First, Light Frost in the Garden

Wednesday, September 23, 2020

Frostbitten Winter Squash

It was bound to happen eventually, but so soon?! Sometime last week the temperatures in the area were to go down to 34, but apparently in my sloped garden, that means a light frost! I didn't know to cover plants, so things were not looking so great the next morning...

Frostbitten Nasturtium

The tops of the basil in particular had gone brown and not so good looking. So I cut the 4 plants out of the ground, trimmed off the worst bits, and made one last batch of pesto. I would've dried some, too, but apparently 4 basil plants is more than enough for me to stock up on dried basil for myself and 5 friends...

Harvesting the not-frostbitten basil

It got down to 33 or 34 several nights in a row after that initial frost, so I proceeded to cover the garden with my row cover and an old sheet/dropcloth. So now the garden looks like a tent town:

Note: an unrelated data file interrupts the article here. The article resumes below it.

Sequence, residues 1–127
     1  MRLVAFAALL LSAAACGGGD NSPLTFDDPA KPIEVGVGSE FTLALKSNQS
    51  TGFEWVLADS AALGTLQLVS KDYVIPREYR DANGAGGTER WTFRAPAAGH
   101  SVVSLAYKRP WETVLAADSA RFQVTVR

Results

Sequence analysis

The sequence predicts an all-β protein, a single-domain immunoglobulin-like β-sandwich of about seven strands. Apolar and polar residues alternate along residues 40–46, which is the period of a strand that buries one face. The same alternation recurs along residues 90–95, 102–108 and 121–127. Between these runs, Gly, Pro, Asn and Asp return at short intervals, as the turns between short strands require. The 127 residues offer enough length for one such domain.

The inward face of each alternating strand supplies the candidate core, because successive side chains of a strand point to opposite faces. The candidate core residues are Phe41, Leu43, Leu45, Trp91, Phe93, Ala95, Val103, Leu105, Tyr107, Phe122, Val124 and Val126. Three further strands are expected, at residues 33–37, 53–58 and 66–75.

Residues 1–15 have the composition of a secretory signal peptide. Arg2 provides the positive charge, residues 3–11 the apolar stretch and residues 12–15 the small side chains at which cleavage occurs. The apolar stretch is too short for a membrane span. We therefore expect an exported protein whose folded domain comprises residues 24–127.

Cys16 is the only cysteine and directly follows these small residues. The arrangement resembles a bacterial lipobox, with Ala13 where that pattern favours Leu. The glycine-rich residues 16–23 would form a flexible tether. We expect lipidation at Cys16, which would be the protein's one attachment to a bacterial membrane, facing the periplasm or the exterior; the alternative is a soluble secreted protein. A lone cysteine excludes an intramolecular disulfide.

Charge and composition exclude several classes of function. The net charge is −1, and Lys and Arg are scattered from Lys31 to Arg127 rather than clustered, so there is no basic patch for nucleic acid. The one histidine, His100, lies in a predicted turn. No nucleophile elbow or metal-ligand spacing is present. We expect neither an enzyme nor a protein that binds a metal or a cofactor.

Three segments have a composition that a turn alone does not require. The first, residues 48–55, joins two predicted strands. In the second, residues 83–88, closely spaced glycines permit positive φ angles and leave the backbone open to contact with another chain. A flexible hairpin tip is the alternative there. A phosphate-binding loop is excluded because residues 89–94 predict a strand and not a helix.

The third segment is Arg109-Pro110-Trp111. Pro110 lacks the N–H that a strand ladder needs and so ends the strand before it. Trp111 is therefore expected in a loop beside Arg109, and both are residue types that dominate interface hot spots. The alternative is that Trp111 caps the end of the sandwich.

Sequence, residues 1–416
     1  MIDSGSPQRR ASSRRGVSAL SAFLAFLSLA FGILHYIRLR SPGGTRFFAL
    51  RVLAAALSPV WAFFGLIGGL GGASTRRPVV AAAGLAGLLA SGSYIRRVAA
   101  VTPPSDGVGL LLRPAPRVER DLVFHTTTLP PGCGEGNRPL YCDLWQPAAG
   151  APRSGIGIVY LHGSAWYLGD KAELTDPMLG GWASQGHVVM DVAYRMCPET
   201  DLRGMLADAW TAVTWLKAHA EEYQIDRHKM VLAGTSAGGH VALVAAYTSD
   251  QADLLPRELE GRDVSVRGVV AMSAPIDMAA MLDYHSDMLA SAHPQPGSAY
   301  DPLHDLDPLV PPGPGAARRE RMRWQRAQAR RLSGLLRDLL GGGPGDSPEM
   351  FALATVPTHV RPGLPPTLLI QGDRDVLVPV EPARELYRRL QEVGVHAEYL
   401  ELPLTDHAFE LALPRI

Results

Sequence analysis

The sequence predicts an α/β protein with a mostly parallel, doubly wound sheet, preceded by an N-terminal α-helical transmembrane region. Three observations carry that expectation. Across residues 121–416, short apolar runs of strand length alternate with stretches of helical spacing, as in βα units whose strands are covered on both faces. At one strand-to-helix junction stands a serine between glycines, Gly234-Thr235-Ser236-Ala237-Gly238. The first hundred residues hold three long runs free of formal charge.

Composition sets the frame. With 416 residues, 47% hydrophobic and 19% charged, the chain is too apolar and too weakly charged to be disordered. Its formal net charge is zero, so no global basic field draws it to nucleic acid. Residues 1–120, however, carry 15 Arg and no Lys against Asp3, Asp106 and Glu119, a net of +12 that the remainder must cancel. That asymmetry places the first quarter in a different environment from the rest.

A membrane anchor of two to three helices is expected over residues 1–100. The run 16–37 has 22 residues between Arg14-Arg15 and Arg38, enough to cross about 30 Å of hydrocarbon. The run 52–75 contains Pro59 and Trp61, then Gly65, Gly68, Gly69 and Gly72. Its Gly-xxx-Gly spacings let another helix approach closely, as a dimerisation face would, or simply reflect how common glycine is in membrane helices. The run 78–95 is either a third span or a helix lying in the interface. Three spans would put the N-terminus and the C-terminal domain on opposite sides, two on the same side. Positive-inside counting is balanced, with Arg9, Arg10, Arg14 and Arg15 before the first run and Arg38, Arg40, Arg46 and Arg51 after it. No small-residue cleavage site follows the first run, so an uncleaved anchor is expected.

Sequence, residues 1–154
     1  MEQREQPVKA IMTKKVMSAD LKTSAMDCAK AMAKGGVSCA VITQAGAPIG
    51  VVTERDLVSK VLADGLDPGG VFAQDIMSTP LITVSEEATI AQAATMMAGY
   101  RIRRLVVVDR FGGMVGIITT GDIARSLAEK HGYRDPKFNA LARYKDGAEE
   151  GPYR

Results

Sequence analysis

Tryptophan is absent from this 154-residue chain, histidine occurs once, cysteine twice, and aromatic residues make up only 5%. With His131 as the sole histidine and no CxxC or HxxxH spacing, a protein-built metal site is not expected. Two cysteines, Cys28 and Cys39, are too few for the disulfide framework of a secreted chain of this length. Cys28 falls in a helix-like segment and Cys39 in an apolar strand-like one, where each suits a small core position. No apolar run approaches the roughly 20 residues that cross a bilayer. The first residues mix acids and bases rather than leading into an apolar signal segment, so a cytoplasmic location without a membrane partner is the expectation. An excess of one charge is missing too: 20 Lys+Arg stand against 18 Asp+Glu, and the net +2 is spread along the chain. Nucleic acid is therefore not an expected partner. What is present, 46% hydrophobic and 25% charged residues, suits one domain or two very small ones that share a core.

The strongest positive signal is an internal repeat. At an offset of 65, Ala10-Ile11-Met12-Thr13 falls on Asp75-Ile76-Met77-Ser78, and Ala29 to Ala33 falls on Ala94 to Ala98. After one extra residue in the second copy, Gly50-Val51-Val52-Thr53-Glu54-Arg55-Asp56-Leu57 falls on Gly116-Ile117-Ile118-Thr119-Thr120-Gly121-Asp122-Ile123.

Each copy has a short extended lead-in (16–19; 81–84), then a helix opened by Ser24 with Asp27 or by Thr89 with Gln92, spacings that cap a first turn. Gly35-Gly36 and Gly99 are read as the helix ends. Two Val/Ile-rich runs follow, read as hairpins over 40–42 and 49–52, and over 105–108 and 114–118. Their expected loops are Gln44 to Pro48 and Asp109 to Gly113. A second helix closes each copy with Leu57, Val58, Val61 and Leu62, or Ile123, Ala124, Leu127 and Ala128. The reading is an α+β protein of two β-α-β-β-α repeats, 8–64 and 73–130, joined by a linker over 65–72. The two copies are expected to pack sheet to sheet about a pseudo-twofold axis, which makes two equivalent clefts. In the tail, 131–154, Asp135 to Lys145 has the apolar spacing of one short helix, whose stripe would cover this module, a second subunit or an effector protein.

Frostbitten Garden, after a couple nights of light frost

Sadly, most of what got hit that first night looks terrible. I'm not upset because I knew this was coming, I just didn't know it was coming so soon! If I had, I would've thrown covers on the important plants the first night! I'm still harvesting tomato fruit, and I'm going to let the winter squash age a bit more (under covers). Let's hope everything turns out alright...

September 22, 2020
Frostbitten Garden, after a couple nights of light frost
A couple days later, the squash leaves are over.it.
Frostbitten Garden, after a couple nights of light frost
Peppers & Eggplants: nah. Kale> yah.
Frostbitten Garden, after a couple nights of light frost
The bush beans and nasturtium, giving up on life.
Frostbitten Garden, after a couple nights of light frost
Little Mama tomatoes, sorta hanging in there

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